Every two years or so, Mars and the Earth are in just the right positions to make it possible to send a spacecraft from here to there. As NPR's Joe Palca reports, now is that golden time.
The first of two NASA Mars missions blasted off Tuesday from the Kennedy Space Center in Florida. The second mission is scheduled for liftoff in late June. If all goes well, the two spacecraft will land on the surface of Mars next January.
The Mars Exploration Rover A, or MER-A as it's known, and its twin, MER-B, both have the same task once they arrive: to figure out what happened to the water on Mars. Although Mars is now an arid planet, Catherine Weitz, a NASA Mars program scientist, says that geologic features on Mars appear to have been formed by water. Scientists believe that Mars' Gusev Crater -- MER-A's target landing site -- once held a giant lake.
"The question we want to know when we go into this crater is how big was that lake, how long was that lake, and could it have supported life in the past," Weitz says.
The MER-A rover will use a mounted stereo camera to image the planet, while a robotic arm will drill away the outer grunge covering rocks and then use a microscope and other tools to see what's underneath.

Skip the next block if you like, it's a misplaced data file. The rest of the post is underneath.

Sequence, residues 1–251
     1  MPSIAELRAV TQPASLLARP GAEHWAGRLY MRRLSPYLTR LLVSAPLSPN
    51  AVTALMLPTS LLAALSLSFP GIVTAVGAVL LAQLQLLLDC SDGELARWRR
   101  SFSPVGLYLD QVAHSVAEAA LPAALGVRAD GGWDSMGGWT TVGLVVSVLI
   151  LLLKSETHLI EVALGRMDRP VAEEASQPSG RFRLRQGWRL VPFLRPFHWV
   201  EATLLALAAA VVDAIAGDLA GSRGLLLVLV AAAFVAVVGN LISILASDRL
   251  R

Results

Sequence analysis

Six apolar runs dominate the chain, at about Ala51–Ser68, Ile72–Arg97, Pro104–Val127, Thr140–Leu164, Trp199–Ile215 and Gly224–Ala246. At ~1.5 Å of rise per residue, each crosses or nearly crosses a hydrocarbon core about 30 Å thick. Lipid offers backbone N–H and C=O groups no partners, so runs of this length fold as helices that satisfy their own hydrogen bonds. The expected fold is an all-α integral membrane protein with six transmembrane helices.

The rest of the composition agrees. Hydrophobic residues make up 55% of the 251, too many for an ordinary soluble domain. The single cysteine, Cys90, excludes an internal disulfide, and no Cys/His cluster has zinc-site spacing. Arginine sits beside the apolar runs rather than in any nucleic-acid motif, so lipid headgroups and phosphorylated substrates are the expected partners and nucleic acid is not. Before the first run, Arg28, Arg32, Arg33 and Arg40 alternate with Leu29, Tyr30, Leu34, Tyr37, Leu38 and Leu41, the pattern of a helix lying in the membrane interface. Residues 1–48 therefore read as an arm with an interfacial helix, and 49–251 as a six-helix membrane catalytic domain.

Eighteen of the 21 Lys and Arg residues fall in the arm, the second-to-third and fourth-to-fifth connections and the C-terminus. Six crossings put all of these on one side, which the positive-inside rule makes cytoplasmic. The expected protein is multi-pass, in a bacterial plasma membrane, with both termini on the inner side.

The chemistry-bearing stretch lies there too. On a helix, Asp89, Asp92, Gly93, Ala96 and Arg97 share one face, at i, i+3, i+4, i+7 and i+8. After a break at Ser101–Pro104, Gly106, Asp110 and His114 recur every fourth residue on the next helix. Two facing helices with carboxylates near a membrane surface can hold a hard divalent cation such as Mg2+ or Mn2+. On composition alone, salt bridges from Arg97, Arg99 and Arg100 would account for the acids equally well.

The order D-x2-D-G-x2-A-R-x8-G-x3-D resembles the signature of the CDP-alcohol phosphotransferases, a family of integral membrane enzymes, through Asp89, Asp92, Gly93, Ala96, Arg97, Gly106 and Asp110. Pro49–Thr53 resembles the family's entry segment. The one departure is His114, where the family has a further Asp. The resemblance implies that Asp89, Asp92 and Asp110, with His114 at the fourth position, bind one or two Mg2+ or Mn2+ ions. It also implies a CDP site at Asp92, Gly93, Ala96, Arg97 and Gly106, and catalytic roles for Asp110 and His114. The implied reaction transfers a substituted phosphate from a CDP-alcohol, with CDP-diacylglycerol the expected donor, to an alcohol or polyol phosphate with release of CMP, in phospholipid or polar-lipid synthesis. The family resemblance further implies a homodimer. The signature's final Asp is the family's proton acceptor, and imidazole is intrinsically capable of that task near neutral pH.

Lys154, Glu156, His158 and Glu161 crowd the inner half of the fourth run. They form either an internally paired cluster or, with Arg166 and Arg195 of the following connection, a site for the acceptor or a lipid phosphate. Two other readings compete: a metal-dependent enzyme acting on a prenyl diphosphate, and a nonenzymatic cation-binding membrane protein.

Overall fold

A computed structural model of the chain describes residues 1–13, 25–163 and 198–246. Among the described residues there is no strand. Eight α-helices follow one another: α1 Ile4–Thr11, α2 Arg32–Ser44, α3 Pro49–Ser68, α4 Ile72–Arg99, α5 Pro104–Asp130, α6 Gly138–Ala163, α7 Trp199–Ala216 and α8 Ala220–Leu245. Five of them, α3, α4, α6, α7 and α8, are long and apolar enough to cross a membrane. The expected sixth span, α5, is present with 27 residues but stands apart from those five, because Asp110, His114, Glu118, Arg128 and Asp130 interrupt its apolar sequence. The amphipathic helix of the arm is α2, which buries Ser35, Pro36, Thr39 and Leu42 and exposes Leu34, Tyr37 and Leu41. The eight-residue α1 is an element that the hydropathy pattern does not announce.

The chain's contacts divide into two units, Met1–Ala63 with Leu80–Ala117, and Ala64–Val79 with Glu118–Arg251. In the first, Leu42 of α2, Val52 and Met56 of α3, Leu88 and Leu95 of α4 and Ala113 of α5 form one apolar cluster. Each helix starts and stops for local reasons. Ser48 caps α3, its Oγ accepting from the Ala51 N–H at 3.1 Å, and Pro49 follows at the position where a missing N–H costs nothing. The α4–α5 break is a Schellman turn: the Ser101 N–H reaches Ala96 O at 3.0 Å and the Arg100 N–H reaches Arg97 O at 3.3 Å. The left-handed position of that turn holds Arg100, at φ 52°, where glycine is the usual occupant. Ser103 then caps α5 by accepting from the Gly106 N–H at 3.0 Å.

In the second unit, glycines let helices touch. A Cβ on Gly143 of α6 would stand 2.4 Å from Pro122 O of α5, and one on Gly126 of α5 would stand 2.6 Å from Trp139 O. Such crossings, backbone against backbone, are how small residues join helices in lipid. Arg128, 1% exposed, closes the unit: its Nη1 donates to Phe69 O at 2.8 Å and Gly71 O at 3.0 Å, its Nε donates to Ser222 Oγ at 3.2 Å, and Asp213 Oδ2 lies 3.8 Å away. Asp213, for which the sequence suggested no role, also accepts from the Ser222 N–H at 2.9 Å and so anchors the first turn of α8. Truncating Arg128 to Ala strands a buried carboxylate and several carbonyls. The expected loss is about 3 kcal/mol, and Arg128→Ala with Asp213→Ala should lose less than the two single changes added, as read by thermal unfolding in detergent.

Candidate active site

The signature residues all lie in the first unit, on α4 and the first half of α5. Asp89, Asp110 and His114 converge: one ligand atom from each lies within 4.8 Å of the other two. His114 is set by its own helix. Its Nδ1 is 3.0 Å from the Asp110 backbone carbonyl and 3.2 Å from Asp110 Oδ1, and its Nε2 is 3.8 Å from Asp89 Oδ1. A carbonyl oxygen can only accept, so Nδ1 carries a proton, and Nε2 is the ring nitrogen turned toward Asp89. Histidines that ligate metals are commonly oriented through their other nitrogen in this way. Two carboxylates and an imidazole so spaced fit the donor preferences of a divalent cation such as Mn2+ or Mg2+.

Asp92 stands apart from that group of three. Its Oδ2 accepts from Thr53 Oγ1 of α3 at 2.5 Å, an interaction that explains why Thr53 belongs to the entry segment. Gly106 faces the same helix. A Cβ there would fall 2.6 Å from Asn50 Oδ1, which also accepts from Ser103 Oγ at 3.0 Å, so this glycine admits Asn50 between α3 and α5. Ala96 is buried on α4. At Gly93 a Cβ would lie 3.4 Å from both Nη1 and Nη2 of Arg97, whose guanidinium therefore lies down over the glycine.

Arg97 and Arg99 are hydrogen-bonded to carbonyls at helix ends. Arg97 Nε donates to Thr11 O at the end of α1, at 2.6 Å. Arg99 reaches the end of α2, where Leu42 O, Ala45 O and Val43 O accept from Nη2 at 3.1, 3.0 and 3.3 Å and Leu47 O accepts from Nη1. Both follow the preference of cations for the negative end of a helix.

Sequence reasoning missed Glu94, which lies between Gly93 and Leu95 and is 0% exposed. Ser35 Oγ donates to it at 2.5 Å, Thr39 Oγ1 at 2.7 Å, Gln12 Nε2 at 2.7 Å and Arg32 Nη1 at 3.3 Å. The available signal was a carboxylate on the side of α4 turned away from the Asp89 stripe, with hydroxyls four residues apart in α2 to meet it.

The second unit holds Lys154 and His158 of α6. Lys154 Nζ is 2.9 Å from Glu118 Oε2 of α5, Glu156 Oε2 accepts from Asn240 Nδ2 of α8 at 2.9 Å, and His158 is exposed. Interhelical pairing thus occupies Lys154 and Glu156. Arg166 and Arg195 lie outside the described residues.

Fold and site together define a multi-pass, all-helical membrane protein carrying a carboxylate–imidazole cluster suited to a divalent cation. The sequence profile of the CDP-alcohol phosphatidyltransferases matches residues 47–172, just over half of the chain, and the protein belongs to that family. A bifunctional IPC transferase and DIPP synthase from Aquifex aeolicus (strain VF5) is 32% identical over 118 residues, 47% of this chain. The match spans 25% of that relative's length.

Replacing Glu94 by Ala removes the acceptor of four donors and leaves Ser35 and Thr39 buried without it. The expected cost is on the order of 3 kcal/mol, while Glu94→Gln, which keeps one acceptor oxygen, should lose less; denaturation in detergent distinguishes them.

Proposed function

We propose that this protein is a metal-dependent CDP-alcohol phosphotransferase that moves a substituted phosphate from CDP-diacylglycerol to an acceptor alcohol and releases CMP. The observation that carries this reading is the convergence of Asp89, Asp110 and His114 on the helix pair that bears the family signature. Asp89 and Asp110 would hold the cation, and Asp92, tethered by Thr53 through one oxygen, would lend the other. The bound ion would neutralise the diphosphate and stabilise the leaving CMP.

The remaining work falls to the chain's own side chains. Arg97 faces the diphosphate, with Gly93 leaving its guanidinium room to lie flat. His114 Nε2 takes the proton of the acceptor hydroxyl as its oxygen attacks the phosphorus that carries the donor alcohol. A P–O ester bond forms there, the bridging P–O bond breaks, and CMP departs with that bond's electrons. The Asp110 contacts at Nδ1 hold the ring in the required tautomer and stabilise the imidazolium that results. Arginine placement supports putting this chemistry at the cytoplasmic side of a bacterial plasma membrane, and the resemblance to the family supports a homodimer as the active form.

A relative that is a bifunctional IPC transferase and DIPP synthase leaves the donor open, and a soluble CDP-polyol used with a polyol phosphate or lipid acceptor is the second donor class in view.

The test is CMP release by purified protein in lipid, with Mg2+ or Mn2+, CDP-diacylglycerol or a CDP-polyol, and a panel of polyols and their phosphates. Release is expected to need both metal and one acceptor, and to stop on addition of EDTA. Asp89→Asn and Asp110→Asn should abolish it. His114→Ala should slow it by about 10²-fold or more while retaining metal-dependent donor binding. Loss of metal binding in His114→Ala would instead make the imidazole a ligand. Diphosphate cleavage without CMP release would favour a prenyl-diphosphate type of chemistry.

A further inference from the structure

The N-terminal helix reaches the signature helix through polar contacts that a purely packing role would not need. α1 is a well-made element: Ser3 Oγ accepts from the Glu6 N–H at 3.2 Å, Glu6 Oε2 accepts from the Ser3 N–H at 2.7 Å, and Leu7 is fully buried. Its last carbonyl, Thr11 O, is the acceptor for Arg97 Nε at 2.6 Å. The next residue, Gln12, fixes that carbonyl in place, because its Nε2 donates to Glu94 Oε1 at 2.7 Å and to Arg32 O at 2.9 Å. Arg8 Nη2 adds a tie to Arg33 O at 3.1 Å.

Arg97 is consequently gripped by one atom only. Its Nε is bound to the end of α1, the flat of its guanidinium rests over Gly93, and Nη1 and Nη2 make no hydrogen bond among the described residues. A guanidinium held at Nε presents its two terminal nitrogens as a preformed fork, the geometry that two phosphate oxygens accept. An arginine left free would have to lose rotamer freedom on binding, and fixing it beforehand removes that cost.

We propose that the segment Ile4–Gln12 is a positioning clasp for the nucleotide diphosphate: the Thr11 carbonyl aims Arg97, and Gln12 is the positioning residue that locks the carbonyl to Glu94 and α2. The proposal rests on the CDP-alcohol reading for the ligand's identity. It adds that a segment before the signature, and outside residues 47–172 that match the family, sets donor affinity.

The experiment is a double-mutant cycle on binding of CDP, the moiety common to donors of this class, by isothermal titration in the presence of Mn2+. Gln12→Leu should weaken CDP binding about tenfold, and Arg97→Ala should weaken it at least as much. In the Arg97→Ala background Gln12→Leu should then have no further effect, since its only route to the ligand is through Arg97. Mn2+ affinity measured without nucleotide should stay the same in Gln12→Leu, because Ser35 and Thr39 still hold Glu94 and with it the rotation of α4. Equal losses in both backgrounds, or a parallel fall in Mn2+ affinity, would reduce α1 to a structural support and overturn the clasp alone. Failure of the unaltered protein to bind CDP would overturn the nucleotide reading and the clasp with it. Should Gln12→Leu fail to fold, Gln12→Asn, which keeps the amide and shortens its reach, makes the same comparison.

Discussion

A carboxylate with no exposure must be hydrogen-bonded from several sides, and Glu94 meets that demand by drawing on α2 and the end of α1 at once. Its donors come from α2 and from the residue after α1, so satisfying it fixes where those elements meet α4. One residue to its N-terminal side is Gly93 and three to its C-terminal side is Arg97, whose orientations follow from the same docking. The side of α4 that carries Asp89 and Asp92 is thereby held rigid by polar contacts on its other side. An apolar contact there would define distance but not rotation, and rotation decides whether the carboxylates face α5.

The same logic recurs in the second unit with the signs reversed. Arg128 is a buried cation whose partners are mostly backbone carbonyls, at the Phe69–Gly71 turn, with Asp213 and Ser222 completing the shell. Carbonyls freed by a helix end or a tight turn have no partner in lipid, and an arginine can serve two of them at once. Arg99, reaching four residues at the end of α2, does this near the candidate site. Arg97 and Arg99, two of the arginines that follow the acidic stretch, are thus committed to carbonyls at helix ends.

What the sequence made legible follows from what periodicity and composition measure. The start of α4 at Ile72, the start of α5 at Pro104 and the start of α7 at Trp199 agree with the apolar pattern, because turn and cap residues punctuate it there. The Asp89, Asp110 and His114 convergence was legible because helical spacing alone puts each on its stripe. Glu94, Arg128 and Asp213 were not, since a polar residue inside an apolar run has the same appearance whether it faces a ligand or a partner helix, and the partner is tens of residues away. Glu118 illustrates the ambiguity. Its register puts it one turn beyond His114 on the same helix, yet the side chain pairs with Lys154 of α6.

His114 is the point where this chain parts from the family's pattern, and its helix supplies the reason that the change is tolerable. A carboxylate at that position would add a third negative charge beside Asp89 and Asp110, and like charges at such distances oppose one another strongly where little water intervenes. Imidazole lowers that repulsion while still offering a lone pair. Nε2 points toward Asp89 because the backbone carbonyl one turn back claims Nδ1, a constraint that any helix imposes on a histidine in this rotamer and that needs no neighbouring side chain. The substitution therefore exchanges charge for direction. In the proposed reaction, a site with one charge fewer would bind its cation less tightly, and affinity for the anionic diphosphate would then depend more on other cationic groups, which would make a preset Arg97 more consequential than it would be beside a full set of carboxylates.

"We're going to use all these instruments to try and understand what was the water activity at the landing sights," Weitz says. "Was it persistent? Could it have been warmer and wetter, which would have made it more habitable for life in the past?'"
MER-B is going to a place near the Martian equator called Meridiani Planum, where a satellite in orbit around Mars detected crystalline hematite -- a mineral that on Earth is associated with liquid water processes. Weitz says the MER-B mission will study the mineral composition of the area in search of evidence that water once flowed there.
The $800 million NASA missions are part of an international fleet of spacecraft all heading for Mars this summer.
Earlier this week, the European Space Agency launched a mission called Mars Express that will also look for signs of water on the Red Planet. Computer models estimate that some of the water on Mars simply evaporated and was carried into space by the solar wind. Instruments aboard the Mars Express will measure the remnants of water coming from the Martian atmosphere today. The data will be used to estimate the fraction of the Martian atmosphere and water that's been lost to space over time.
But getting to Mars isn't easy. Three of the last six missions to the Red Planet have failed. A Japanese Mars probe called Nozomi, which was launched in 1998, went off course. Engineers got it going in the right direction, but a solar flare knocked out some key electrical systems, and while it may make it to Mars later this year, it may not work once it arrives.
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